What is Subresource Integrity, and Does it Make Sense for TMS?

Employee Emeritus

These days there's no shortage of privacy and security issues to concern yourself with, and there's good reason for it. While the vast majority of online systems are secure, there's always a risk that one component in a system will get compromised. The way websites are built these days, with hundreds of components, many third-party JavaScript libraries have become ubiquitous and used by millions of sites. This is a great convenience to developers of websites, but it's also an attractive target for the "bad guys" that want to hack your site. Fortunately, the browsers we use everyday have built-in features to help protect us against hacked components like this.

One of these features is called Subresource Integrity (SRI) and it's the topic of this post. I'll give you a brief description of SRI, tell you how it works, then share my opinion on how SRI fits into the world of tag management.

What is Subresource Integrity?

First off, "subresource" refers to the extra files that a web page fetches while the page is rendered in the browser. This includes all types of content, such as CSS files, font files, external JavaScript files, and many more. The "integrity" part just means that the page is receiving the exact file that it expects to get.

I'll quote Mozilla's simple explanation to make it easy:

Subresource Integrity (SRI) is a security feature that enables browsers to verify that resources they fetch are delivered without unexpected manipulation.


It's that last part about "without unexpected manipulation" where this becomes a security concern.

What is the purpose of SRI?

The goal of SRI is to protect your website from a compromised (i.e. unexpectedly manipulated) third-party JavaScript file. The idea is to create a hash of the known valid version of that file that the browser can use to verify that the file is unchanged each time it loads. This makes perfect sense for static files such as a specific version of jQuery.

For example, all of the shared libraries that Google hosts have versioned URLs where the files are expected to remain unchanged. For jQuery 3.4.1 the URL is:  https://ajax.googleapis.com/ajax/libs/jquery/3.4.1/jquery.min.js

A generated hash of that file is:


By including this hash in your page code that loads that JavaScript, you allow the browser to validate that the contents of jquery.min.js have not changed. If that file were to be hacked, or manipulated unexpectedly, the hash generated by the browser would differ from the one you coded in your page and the browser would actually block the file all together.

Should you use SRI in your tag manager?

I know what you're thinking: browsers have a built-in security feature to validate third-party JavaScript files and you use Tealium iQ Tag Management to manage many of those third-party JavaScript tags on your site, so isn't SRI the perfect way to add an extra layer of security to your site?

Well, let's take a closer look at this. One of the big differences between JavaScript that's used for development and the script tags that are used for web analytics and marketing is the way they are versioned. For example, many websites all load the same Google Analytics tag from  https://www.google-analytics.com/analytics.js , but this file is not versioned. Google updates the contents of that file constantly to fix bugs and add features. If you add SRI for this file, it might work for a week or two, but eventually, once Google updates it, the hash will change, causing SRI to block the file in the browser.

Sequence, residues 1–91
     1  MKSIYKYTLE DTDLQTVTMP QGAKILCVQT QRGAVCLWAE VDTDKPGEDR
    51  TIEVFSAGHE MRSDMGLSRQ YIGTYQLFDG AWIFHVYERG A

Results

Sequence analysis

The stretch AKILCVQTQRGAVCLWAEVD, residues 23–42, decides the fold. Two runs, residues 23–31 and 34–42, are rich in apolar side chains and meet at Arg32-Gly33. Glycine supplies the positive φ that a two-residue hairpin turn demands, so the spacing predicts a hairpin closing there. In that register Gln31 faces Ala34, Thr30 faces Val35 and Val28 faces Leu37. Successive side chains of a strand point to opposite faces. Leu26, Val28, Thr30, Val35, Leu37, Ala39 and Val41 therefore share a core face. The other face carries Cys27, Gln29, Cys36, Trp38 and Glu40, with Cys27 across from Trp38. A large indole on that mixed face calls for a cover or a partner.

Unfortunately, this scenario applies to nearly all tag vendors that you load on your website. The security feature designed to protect you from maliciously altered files also prevents a frequently-changed file from loading, even when the changes are part of the software design.

Tealium allows you to use SRI with TiQ on the bundled utag.js file. While this won’t mitigate the risk of any additional tags (utag.n.js) or third party scripts being told to load by those tags, it does help to mitigate the risk of utag.js being maliciously altered.

Learn more about how to implement SRI with Tealium here.

What can you do besides SRI?

If you really need an additional level of security for your tag vendors then I recommend the following alternatives to SRI. These are ways to vet the security of the third-party JavaScript you load on your site.

  • Scripts Loading Scripts
    Does the third-party JavaScript script load and then go on to load additional third-party JavaScript files? This is sometimes called "piggybacking" and it's not that uncommon. Be sure to understand what your tag vendor's code is actually doing.
  • Scripts Modifying Global Namespace
    A common rule of JavaScript etiquette is to leave the global namespace as tidy as possible. Most vendors play friendly by creating a specific namespace for their tag and put all of their JavaScript logic there. Be sure to test your tag vendor's code to make sure there aren't unintended modifications to the global namespace.
  • Use HTTPS
    This almost goes without saying, but make sure that every third-party file you load on your site is available via HTTPS.
  • Use Content Security Policy (CSP)
    Use a CSP to help mitigate scripting attacks through your site. This requires some back-end changes to your web servers, but it's worth considering for the added security.


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